Professor John Beddington, the UK government’s Chief Scientific Advisor, has on the one hand played down the potential future role of genetically modified (GM) crops in the country’s food policy – but thinks it is safe for human health and should be used “more generally”. Is this an attempt to appeal to both sides of the debate, while actually doing nothing to slow down the UK's long-standing desire to push GM for all its worth in both the developed and developing worlds?
Prof Beddington made the remarks at a hearing of the Environmental Audit Committee undertaken as part of the Committee’s inquiry into sustainable food. As well as Prof Beddington, the Committee heard from the other authors of the Foresight report, entitled Global Food and Farming Futures. The Foresight report, which was co-sponsored by the UK’s Department of Food and the Rural Environment (DEFRA) and Department of Health, is set to become highly influential since its findings were recently accepted by the World Bank and the United Nations’ (UN) Food and Agriculture Organization and World Food Programme.
You may remember just how pro-GM the UK has been in GM technology's short history. The UK was one of only four European nations, for example, not to support Austria and Hungary's use of the safeguard clause to block planting of Monsanto GM maize in 2009.
In evidence of its duplicity, while the UK signed up for the 5-year UN study (2003–8) entitled International Assessment of Agricultural Knowledge, Science and Technology for Development (IAASTD), involving 400 scientists from 60 countries who concluded that GM had no role to play in poverty alleviation, it has never shown any serious support for this position. At more or less the same time as the UK signed IAASTD, then-Prime Minister Gordon Brown was preparing to advance his pro-GM agenda as quickly as possible, as elucidated so well by UK investigative reporter Geoff Lean, working for The Independent newspaper.
The Committee heard Prof Beddington describe the world food situation as “unsustainable”, due largely to population increases and global climate change. However, in an apparent break with the policy of the UK government – best described as ‘push GM for all it’s worth, regardless of public opinion’ – he went on to say that GM is not a “silver bullet”. However, he also felt that biotechnology should be considered “more generally” where it can solve a specific issue, and when it demonstrably does not pose a risk to human health or the environment. This last, of course, we find laughable, as it is impossible to rule out any risk when releasing GM organisms into an outdoor environment. This is precisely the reason we believe the current science demands a total moratorium on cultivation. But as you'll see, Prof Beddington doesn't see it this way.
In a further statement, Prof Beddington said he believed that there was no indication of any impact on human health – a statement we find frankly incredible given the state of the science, both in terms of direct human consumption of GM crops and of human consumption of animals reared on GM feed. Furthermore, Prof Beddington and his Foresight Project colleague, Prof Charles Godfrey, seemed to feel that regulatory oversight of GM is stringent and sufficient in Brazil, the United States and European Union (EU).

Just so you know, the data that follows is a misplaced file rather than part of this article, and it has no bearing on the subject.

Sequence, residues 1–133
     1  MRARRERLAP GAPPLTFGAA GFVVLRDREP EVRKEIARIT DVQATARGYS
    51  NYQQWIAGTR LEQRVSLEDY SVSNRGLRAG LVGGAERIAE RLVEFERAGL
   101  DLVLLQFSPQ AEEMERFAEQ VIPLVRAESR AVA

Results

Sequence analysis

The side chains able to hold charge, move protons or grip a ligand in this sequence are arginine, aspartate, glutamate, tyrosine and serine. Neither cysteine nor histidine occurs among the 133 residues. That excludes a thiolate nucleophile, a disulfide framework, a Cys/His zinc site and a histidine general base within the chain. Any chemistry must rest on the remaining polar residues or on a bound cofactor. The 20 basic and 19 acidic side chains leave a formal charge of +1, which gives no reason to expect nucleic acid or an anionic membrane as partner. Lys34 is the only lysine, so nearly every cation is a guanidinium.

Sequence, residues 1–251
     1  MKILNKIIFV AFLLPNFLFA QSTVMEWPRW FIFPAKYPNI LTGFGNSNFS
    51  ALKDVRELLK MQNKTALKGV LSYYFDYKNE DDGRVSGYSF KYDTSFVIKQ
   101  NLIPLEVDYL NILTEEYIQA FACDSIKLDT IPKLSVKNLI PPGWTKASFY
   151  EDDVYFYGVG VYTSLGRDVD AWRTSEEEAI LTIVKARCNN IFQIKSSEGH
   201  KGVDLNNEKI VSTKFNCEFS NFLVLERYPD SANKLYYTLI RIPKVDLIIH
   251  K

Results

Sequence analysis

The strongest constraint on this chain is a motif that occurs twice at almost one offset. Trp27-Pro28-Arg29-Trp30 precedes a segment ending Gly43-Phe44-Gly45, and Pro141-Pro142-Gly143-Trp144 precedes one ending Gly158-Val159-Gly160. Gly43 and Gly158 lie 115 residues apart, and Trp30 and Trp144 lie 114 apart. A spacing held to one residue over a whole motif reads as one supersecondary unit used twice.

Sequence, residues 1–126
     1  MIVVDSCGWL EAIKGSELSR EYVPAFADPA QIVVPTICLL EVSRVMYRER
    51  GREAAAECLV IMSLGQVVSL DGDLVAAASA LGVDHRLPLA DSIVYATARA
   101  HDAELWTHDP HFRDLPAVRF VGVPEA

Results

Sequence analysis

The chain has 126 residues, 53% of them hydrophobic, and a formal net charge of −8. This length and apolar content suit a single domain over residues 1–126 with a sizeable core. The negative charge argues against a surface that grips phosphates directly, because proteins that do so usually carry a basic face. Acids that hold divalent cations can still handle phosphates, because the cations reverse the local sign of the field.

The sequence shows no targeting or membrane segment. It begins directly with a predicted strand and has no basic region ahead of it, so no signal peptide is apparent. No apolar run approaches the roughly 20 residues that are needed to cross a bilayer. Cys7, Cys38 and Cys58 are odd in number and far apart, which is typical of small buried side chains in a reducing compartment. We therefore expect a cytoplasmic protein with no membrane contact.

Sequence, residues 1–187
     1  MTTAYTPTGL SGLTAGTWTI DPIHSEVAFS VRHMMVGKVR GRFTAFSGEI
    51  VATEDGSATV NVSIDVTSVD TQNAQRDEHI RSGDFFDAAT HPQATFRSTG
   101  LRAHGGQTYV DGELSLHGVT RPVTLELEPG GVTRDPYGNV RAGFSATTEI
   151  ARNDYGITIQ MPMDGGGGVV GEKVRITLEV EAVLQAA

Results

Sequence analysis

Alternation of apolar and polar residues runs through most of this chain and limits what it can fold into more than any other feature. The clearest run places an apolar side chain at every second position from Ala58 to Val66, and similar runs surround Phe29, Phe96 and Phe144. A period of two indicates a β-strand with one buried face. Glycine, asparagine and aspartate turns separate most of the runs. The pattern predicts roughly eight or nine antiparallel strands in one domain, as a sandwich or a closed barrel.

It really makes you wonder if these 'political scientists' are really reading the scientific literature. We don't think they can be!
The Environmental Audit Committee hearing also discussed the Foresight Project’s proposed move toward a system of ‘sustainable intensification’, involving producing more food from the same amount of land, while being more efficient and using fewer resources. Rather than recommending food self-sufficiency for countries, sustainable intensification envisions a series of ‘bread baskets’ connected by freight networks, said Prof Godfrey. Although the system risks ecological destruction, including soil degradation, he said, sustainable intensification specifically aims to reduce these risks. This is like saying, "We know that 'sustainable intensification' is a bit of a contradiction in terms, seeing as how it damages the environment and therefore, er, isn't actually sustainable at all! But don't worry, it'll damage the environment nice and slowly..."
Other issues discussed included the EU’s Common Agricultural Policy, food waste and consumer behaviour, international trade and UK food strategy.
At this stage, it looks to us like ‘sustainable intensification’ will be just another market-based solution that locks developing countries into an imperial-style model of exploitation by the ‘developed’ nations. As for Prof Beddington’s comments on GM, we were bitterly disappointed to see that his initial apparently enlightened comment about GM not being a “silver bullet” was followed by the usual litany of GM apologist nonsense. We hope to be proven wrong, but it looks like business as usual for the UK government’s GM food policy.
So much for 'good science'.
If you are in the UK, write to your MP to express your concern over the inconsistency between the government's public pronouncements on GM, as seen in its endorsement of IAASTD, and its consistently pro-GM policy. Ask your MP whether they are aware that the Chief Scientific Advisor does not appear to be aware of the current state of the science on GM; or that if he is, he is choosing to ignore it. And always make sure you are buying non-GM food! Hit 'em where it hurts: in the wallet!
Updated: 18 Jul 2011
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